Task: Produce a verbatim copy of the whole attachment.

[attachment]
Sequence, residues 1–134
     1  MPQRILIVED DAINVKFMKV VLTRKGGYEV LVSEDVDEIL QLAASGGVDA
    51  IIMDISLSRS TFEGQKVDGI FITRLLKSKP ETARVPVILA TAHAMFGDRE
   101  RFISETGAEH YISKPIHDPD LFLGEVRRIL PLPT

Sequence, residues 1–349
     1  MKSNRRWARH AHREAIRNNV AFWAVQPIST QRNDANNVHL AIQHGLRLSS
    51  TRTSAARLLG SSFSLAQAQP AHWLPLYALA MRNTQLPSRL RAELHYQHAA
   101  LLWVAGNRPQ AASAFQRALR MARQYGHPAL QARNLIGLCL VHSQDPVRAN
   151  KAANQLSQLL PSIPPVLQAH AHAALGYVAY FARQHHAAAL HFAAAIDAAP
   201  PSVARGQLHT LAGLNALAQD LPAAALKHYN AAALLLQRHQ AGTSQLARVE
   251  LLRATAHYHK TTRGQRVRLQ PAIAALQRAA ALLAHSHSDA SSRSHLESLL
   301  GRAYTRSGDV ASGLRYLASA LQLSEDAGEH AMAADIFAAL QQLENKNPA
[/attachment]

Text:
Sequence, residues 1–134
     1  MPQRILIVED DAINVKFMKV VLTRKGGYEV LVSEDVDEIL QLAASGGVDA
    51  IIMDISLSRS TFEGQKVDGI FITRLLKSKP ETARVPVILA TAHAMFGDRE
   101  RFISETGAEH YISKPIHDPD LFLGEVRRIL PLPT

Sequence, residues 1–349
     1  MKSNRRWARH AHREAIRNNV AFWAVQPIST QRNDANNVHL AIQHGLRLSS
    51  TRTSAARLLG SSFSLAQAQP AHWLPLYALA MRNTQLPSRL RAELHYQHAA
   101  LLWVAGNRPQ AASAFQRALR MARQYGHPAL QARNLIGLCL VHSQDPVRAN
   151  KAANQLSQLL PSIPPVLQAH AHAALGYVAY FARQHHAAAL HFAAAIDAAP
   201  PSVARGQLHT LAGLNALAQD LPAAALKHYN AAALLLQRHQ AGTSQLARVE
   251  LLRATAHYHK TTRGQRVRLQ PAIAALQRAA ALLAHSHSDA SSRSHLESLL
   301  GRAYTRSGDV ASGLRYLASA LQLSEDAGEH AMAADIFAAL QQLENKNPA